[FoRK] Stupid Republican Windbags, or, Cthulhu's Man On The Inside

Justin Mason jm at jmason.org
Mon Sep 20 09:58:46 PDT 2004

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The best thing about these "AQ loves Kerry" claims is that al Qaeda have
_already_ issued a statement saying that they would prefer if Bush wins:

  'The statement tells American voters that Abu Hafs al-Masri supports the
  re-election campaign of President Bush: "We are very keen that Bush does
  not lose the upcoming elections." ... [it] needs what it called Bush's
  "idiocy and religious fanaticism" because they would "wake up" the
  Islamic world.'


and *are* reportedly planning a pre-election attack, but in the hopes that
it'll ensure a Bush win:

But I suppose the target audience for these slurs won't actually
pay any attention to reality anyway.

- --j.

Jeff Bone writes:
> Hastert -> Hastur -> elder god, wind demon from the Cthulhu mythos...
> --
> Hastert's al Qaeda comment draws fire
> Idea that terrorists want Kerry to win called 'silly,' 'disgraceful'
> 	http://www.cnn.com/2004/ALLPOLITICS/09/19/hastert.remark/index.html
> WASHINGTON (CNN) -- Top Democrats slapped back Sunday at a remark by 
> House Speaker Dennis Hastert that al Qaeda leaders want Sen. John Kerry 
> to beat President Bush in November.
> At a campaign rally Saturday in his Illinois district with Vice 
> President Dick Cheney, Hastert said al Qaeda "would like to influence 
> this election" with an attack similar to the train bombings in Madrid 
> days before the Spanish national election in March.
> When a reporter asked Hastert if he thought al Qaeda would operate with 
> more comfort if Kerry were elected, the speaker said, "That's my 
> opinion, yes."
> Democratic National Committee Chairman Terry McAuliffe called Hastert's 
> comments "disgraceful," saying there was "no room for this in our 
> political discourse."
> "And I remind you that, you know, we could have done a lot better," 
> McAuliffe said on CNN's "Late Edition."
> "The president of the United States, on August 6th of 2001, was told in 
> his briefing that America was going to be attacked by al Qaeda and they 
> may use airplanes," McAuliffe said, referring to the terrorist attacks 
> of September 11, 2001.
> "He didn't call the FAA. He didn't leave his monthlong vacation. He sat 
> down there."
> Kerry's running mate, Sen. John Edwards of North Carolina, said Hastert 
> "has joined the fear-mongering choir."
> "Let me just say this in the simplest possible terms," Edwards said at 
> a rally in Phoenixville, Pennsylvania. "When John Kerry is president of 
> the United States, we will find al Qaeda where they are and crush them 
> before they can do damage to the American people."
> Hastert, who as speaker heads the Republican-controlled House of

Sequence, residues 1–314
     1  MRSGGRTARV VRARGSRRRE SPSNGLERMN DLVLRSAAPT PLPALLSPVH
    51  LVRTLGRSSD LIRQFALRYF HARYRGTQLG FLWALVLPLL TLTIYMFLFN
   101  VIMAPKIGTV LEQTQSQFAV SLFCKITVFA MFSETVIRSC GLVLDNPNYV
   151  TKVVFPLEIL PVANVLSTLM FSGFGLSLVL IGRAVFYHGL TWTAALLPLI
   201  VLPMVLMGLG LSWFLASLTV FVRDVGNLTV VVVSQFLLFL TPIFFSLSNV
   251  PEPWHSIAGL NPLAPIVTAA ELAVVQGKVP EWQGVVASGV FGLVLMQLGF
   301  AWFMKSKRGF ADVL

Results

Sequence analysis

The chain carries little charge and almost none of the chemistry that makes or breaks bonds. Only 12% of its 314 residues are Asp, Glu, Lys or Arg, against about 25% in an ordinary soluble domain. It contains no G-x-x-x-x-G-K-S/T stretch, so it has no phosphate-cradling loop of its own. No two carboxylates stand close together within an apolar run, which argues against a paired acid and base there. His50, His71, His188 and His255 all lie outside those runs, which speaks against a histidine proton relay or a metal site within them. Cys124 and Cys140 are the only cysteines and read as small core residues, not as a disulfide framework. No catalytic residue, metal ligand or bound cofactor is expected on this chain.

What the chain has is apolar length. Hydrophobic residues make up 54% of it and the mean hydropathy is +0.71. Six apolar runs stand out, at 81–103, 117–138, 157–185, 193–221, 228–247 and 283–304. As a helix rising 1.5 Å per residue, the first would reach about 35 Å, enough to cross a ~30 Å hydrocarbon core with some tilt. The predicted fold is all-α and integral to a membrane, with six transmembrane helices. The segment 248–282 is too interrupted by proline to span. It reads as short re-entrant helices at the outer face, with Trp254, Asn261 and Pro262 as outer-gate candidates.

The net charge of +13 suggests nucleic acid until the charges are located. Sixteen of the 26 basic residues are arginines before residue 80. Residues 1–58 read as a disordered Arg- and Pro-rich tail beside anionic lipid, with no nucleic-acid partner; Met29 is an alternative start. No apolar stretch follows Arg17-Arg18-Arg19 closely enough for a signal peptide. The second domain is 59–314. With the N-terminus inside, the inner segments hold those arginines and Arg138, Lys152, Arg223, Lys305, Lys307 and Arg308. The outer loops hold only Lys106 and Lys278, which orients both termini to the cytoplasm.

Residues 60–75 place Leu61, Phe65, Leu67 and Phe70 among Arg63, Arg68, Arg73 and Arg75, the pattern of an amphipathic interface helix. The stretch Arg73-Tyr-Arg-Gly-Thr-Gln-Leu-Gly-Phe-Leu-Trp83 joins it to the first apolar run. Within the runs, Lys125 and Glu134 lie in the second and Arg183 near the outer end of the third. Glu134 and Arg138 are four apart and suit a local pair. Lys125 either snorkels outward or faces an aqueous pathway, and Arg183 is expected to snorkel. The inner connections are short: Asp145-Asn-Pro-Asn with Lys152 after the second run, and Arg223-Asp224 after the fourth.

> Representatives, showed no sign of backing off his comments.
> His spokesman, John Feehery, said Sunday that the speaker's comments 
> "were consistent with the speaker's belief that John Kerry would be 
> weak on the war."
> "If John Kerry is perceived as being weak on the war, then of course, 
> his election would be perceived as a good thing by the terrorists," 
> Feehery said in a written response to questions about Hastert's 
> remarks.
> "The fact that John Kerry can't make up his mind about the war only 
> strengthens that perception."
> Neither the Bush campaign nor the White House had any comment on 
> Hastert's remarks, but Bush has accused Kerry of repeatedly changing 
> his position on the war in Iraq.
> The comments followed a remark by Cheney earlier this month that 
> Americans might be subjected to another terrorist attack if they were 
> to make "the wrong choice" in November.
> Cheney later said that any president must expect more attacks and that 
> his point had been that he felt Bush was better prepared to deal with 
> the threat.
> Some Republicans played down Hastert's comments Sunday.
> "I doubt that Osama bin Laden is likely to weigh in on our presidential 
> election," said Rep. Chris Cox of California, chairman of the House 
> Policy Committee and fourth-ranking member of the Republican leadership 
> behind Hastert.
> Sen. Chuck Hagel of Nebraska called the remarks "silly."
> "I think most Americans understand that, regardless of who's president, 
> the terrorists are still going to be terrorists, and they're going to 
> still target Americans," said Hagel, a member of the Senate Foreign 
> Relations and Intelligence committees.
> "And I don't think terrorists of the world sit around the campfire 
> gauging who's the easier president to deal with."
> It was the second time this month that Hastert's comments have provoked 
> a public row.
> Billionaire George Soros, a major backer of Democratic causes, asked 
> the House Ethics Committee to investigate Hastert after the speaker 
> suggested in a television interview that Soros got money from "drug 
> groups."
> Hastert later said he was referring to organizations to which Soros has 
> contributed that favor drug legalization, but he ignored Soros' demand 
> for an apology.
> Analysts differ on just how much the Madrid bombings influenced the 
> Spanish election.
> Some say they prompted Spaniards to vote out Prime Minister Jose Maria 
> Aznar, a key U.S. ally in the Iraq war. Others say Aznar's insistence 
> on blaming Basque separatists, not Islamist terrorists, tipped the 
> electorate against him.
> In any case, Aznar's successor, Socialist Jose Luis Rodriguez Zapatero, 
> withdrew Spanish troops from Iraq shortly after taking office.
> Find this article at:
> http://www.cnn.com/2004/ALLPOLITICS/09/19/hastert.remark/index.html
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